Type of Flight Plan Filed: None
Departure Point: Oceanside, CA 
Destination: Oceanside, CA

Wreckage and Impact Information

Crew Injuries: 1 Serious  
Aircraft Damage: Substantial
Passenger Injuries: 1 Serious 
Aircraft Fire: None
Ground Injuries:
Aircraft Explosion: None
Total Injuries: 2 Serious 
Latitude, Longitude:  33.220357,-117.34318 (est)

U.S. Marine Corps Sgt. Morgan Vohs, who is stationed at Camp Pendleton and lives in Fallbrook, is one of two good Samaritans who rendered first aid to two plane crash victims in Oceanside on February 24, 2022.

OCEANSIDE, California — A U.S. Marine was on his way home from Camp Pendleton Thursday when he saw a small plane crash in Oceanside, prompting him to pull over, sprint across the highway and find a way to help.

The Cessna 208B Grand Caravan with the skydiving company GoJump, went down a few hundred feet short of the runway at Oceanside Municipal Airport around 1 p.m., according to police.

Authorities haven’t said what caused the plane to crash, but it came to a rest with its nose on the ground and its tail in the air. The propeller on the front of the aircraft was destroyed and two people inside the plane were hospitalized.

Sgt. Morgan Vohs, an open water safety coxswain who’s based at Camp Pendleton, saw the aircraft go down near the airstrip as he drove home on state Route 76.

“As soon as it hit, I just immediately pulled over and jumped the 76 and ran over to the crash,” Vohs said, in an interview released by the USMC.

The sergeant went streaking across the lanes and reached the crash before first responders, officials said. He was able to provide first-aid and helped keep the pilots calm while they waited for paramedics to arrive.

“Looking back, Vohs said he did what anyone else would do in that situation,” a USMC spokesperson wrote in a news release.

“Every Marine goes through it in boot camp. It’s called CLS, Combat Life Saving,” Vohs said. “Every Marine knows the basics of medical training. It’s just second nature.”

Officials had not provided an update on the two injured pilots as of late Friday morning. On Thursday, Oceanside police said one of the men had “critical” injuries while the other was in “moderate condition.”

The crash remains under investigation by the National Transportation Safety Board.

GoJump, which has locations in Las Vegas and San Diego County according to its website, was founded in Oceanside and has an office located at the airstrip. An airport spokesperson told FOX 5 that the pilots were returning from a skydiving trip at the time the plane went down.


  1. News helicopter flyover video:

    Scene video:


  2. Two pilots on board, shallow dive all the way to the ground, no apparent attempt to pull out or flare. Seems to me like some sort of mechanical problem.

  3. I witnessed this. Oddly steep maneuvering preceding a steep nose down attitude, as if in a forward slip with no flare. My prediction: Hot dogging.

  4. Oddly aggressive maneuvering. I witnessed the crash. Steep nose down attitude, almost like a forward slip, but right into the ground. My prediction: Hot Dogging pilot error.

    1. A local jump operation in our town routinely makes steep, high speed descents that require heroic pullouts at low altitude AGL. Can always tell it's them by the sound. Some operators exhibit a rad dood skate park, windsurfing, snowboarding, x-games mindset.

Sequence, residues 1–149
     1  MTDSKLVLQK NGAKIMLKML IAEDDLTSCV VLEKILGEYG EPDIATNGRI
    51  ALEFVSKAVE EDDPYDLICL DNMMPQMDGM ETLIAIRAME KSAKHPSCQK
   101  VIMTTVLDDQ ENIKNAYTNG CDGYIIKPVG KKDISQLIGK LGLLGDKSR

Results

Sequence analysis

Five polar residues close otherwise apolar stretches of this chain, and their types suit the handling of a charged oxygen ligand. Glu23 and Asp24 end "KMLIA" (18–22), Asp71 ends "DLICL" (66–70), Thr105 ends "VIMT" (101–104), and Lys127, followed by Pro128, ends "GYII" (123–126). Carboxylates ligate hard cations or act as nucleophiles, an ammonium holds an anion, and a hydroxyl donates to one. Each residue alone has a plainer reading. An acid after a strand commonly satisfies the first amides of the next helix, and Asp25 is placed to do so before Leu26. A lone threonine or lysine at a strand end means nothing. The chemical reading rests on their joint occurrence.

5. I had an interesting convo with the pilot, who's still recovering and
    glad to be alive. He's a nice guy, been flying skydivers many years
    (also works for the airlines) so not inexperienced. He said he was told
    to demonstrate various profiles to the new observing pilot, and this run was
    showing the standard profile for getting down fast to pick up the next
    load on busy days...

    He now thinks that the engine never actually failed... He thinks the
    prop governor failed and locked up in flat or reverse pitch during the
    idle descent, and the drag/reverse thrust brought them down with the
    glide ratio of a rock. He says he was fighting for his life the whole
    way down and that it was no fun...

    He said the Supervan STC doesn't prohibit beta use in flight and it's
    often used for skydiving... Hopefully the NTSB can get to the
    bottom of what happened here, but in the meanwhile, if you're flying a
    Garret/Honeywell 331 based jump plane, especially with an MT carbon
    fiber propeller, probably a wise idea to avoid idle or beta descents
    while in flight regardless of the operating limitations...

  6. I work in the vicinity of this airport, and didnt see this crash, but I watch these guys fly every day. Its an interesting thing to note that these guys fly very aggressive approach profiles, steep descents etc in these planes and its odd looking from a non-pilot on the ground. The other thing that was interesting to me was this particular skydiving center used a different type of plane, an STOL style that i cant remember the name of, before seemingly switching to the 208s, and the accident happened within months of them switching to this different airframe. Dunno if that had anything to do with the crashes though.
    Posting this comment on the day of a second 208 crash at this airfield, operating in what seems to be very similar profiles, with a similar crash result. Unfortunately, according to news reports, the pilot died.